WolfgangSchwarz

Posts

Sorted by New

Wiki Contributions

Comments

Thanks. A few points, mostly for clarification.

  1. I'm not assuming that the relevant predictors in my scenarios are infallible. In the Blackmail scenario, for example, I'm assuming that the blackmailer is fairly good but not perfect at predicting your reaction. So it's perfectly possible for an FDT agent to find themselves in that scenario. If they do, they will clearly do worse than a CDT agent.
  2. You're right that I shouldn't have called FDT's recommendation in the Twin case "insane". I do think FDT's recommendation is insane for the other cases I discuss, but the Twin case is tricky. It's a Newcomb Problem. I'd still say that FDT gives the wrong advise here, and CDT gives the right advice. I'm a two-boxer.
  3. Of course making agents care about others (and about their integrity etc.) changes the utility function and therefore the decision problem. That's exactly the point. The idea is that in many realistic scenarios such agents will tend to do better for themselves than purely egoistical agents. So if I were to build an agent with the goal that they do well for themselves, I'd give them this kind of utility function, rather than implement FDT.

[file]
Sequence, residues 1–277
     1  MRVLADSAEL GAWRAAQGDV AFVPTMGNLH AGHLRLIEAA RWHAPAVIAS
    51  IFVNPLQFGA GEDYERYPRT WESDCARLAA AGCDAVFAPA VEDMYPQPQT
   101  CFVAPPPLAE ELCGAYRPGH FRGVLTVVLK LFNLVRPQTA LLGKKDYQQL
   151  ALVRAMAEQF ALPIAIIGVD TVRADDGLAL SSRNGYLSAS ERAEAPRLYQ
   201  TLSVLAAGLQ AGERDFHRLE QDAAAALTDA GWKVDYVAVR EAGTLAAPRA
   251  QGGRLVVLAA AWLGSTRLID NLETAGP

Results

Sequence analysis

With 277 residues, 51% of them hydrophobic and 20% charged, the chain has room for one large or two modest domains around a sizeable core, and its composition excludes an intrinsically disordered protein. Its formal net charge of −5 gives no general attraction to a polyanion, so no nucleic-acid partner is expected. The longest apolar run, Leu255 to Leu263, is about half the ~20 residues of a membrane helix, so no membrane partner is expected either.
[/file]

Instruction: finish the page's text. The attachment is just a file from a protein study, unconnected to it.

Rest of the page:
4. "What if someone decides to punish agents for using CDT?" -- Sure, this can happen. It's what happens in Newcomb's Problem.
  5. "Schwarz goes on to list a number of points of questions he has/unclarities he found in Yudkowsky and Soares' paper, which I don't find relevant" -- Their relevance is that FDT isn't actually a theory, unlike CDT and EDT. In its present form it is only an underdeveloped sketch, and I have doubts that it can be spelled out properly.
  6. You say that CDT "fails" the original problems. You don't give any argument for this. My intuition is that FDT gets all the problems I discuss wrong and CDT gets them right. For what it's worth, I'd bet that most people's intuitions about cases like Blackmail, Procreation, and Newcomb's Problem with Transparent Boxes are on my side. Of course intuitions can be wrong. But as a general rule, you need better arguments in support of a counter-intuitive hypothesis than in support of an intuitive hypothesis. I'm not aware of any good arguments in support of the FDT verdict.